The 136-year-old company was founded by Michael Marks and Thomas Spencer in 1884 and soon became a UK favourite for selling high-quality British-made products under its ‘St Michael’ brand. In 1998, M&S became the first British retailer to make a pre-tax profit of over £1billion, but a year later those profits were halved – forcing the company to make unprecedented changes – like switching to overseas suppliers. Since then, bosses have moved to implement a “radical” plan focusing more on the food side of the business as clothing sales plunged 75 percent in recent reports.
But clothing expert Niki Tait revealed in an analysis of the situation at the time how the move hit the British textile industry hard.
Writing for Just-Style in 2000, she stated: “Until the Eighties the company prided itself on the fact that at least 90 percent of all goods sold in its stores were ‘Made in Britain,’ although since last year this is a policy that has been quietly eroding.
“Now the company can no longer even claim that ‘The majority of goods are made in Britain’ and, during 1998, imported £2billion of apparel.
“Also during 1998 around 30,000 jobs were lost from the UK textile and apparel manufacturing industry and, by the end of 1999, it was estimated that a further 50,000 jobs had gone as the industry increasingly moved abroad for its manufacturing.
Marks and Spencer swapped to foreign suppliers
The company was founded 136 years ago
“So as the year neared its end, the sudden and unexpected announcement that Marks and Spencer, Britain’s major retailer, was changing its buying policy to source over 70 percent (by 2002) of all its clothing from lower cost countries, came as a thundering blow to Britain’s apparel industry.”
But, Ms Tait revealed how these decisions had brutal consequences for factory workers in the UK as well.
She added: “The knock-on effect, of course, was of major potential job losses across the UK.
“Many factories faced almost immediate closure as M&S dropped its contracts with many of the suppliers, some well-known internationally for producing quality products under their own brand names, such as tailor DAKS Simpson.
“The plan is that M&S will still be buying goods directly from its remaining UK suppliers – and thus expecting the same quality standards – though the goods themselves will be sourced through these suppliers, from overseas at the lowest possible cost.
M&S used to have a heavy focus on clothing
“As a result, M&S claims it will obtain greater efficiencies and economies of scale, eliminate duplication in its buying operation and achieve annual cost savings of £400million on clothing by 2002.”
But, there were some companies that were hit harder than others and Ms Tait reports that one that was “chopped” had a 30-year relationship with M&S.
She added: “During the 18 months prior to this, Baird Clothing had already closed seven UK factories although, as one of the main four M&S suppliers, it still employed 4,360 employees in 16 factories within the UK and 2,900 within its 3 overseas factories.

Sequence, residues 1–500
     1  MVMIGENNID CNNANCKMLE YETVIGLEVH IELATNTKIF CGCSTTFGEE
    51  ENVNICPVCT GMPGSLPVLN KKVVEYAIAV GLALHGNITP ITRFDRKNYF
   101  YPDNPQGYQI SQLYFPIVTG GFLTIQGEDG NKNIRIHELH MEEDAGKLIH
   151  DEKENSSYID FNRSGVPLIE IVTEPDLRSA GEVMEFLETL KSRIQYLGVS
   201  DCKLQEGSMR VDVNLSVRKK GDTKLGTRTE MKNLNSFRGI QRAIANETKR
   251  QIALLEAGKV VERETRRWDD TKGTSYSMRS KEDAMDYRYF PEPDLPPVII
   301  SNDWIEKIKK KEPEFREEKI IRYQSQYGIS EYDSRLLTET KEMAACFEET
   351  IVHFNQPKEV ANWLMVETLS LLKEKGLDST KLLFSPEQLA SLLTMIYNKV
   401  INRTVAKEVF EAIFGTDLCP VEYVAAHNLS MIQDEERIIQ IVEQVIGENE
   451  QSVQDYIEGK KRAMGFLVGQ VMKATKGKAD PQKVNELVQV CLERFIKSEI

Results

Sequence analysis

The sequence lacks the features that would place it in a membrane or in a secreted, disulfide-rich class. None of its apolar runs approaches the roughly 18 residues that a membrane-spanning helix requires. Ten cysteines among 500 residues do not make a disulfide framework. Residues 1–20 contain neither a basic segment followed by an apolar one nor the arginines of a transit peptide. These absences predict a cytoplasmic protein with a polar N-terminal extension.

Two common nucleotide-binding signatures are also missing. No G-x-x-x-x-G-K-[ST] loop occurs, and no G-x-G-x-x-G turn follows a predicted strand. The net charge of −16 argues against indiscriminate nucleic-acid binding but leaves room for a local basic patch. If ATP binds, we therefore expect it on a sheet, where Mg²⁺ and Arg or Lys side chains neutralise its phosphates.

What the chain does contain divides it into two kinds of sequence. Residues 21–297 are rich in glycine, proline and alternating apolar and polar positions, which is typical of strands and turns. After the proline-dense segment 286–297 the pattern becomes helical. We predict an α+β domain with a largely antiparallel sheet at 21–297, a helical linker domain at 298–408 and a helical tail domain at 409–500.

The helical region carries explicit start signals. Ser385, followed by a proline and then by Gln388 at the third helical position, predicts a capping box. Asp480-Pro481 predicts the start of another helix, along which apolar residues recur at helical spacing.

“No one outside of M&S seems to understand why Baird should be unilaterally chopped across the board, all products, all departments, after 30 years as a supplier.
“Certainly some suppliers have lost some products and gained on others.
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The company switched to foreign suppliers in 2000
Marks has moved away from clothing since
“However, none of the other three key suppliers have escaped job losses over the years.
“Since 1979 the GMB (Britain’s General Union) states that Coats Viyella and Courtaulds have both lost more than 10,000 jobs each, and Dewhirst over 2,000, and have recently announced the loss of a further 1,000 through the overseas sourcing policy adopted by M&S.”
Following the switch to foreign suppliers, M&S also decided on a rebrand in 2001, acquiring the help of George Davies – the founder of Next – in an unprecedented move.
Profits initially went up, but after three years M&S bought out Mr Davies for £125million and financial woes returned, leading to a hostile takeover bid.
Marks and Spencer is still a favourite among Britons
M&S has shifted focus on to food
On November 9, 2010, chief executive Marc Bolland revealed plans to strengthen the company’s overall brand image, which involved the discontinuation of its ‘Portfolio’ fashion brand and the sale of electrical products.
But, on January 7, 2016, it was announced Mr Bolland would step down and be replaced by Steve Rowe, head of clothing.
Two years later, Stuart Machin was appointed Managing Director of Food to lead the transformation of the food business and the overall direction of the company away from clothing.
M&S core shops now typically feature a selection of the company’s clothing, homeware and beauty ranges and an M&S Foodhall.
But many stores are now standalone Foodhalls and in 2019, M&S launched five of these as part of the transformation of the business.
Published at Fri, 10 Jul 2020 16:20:00 +0000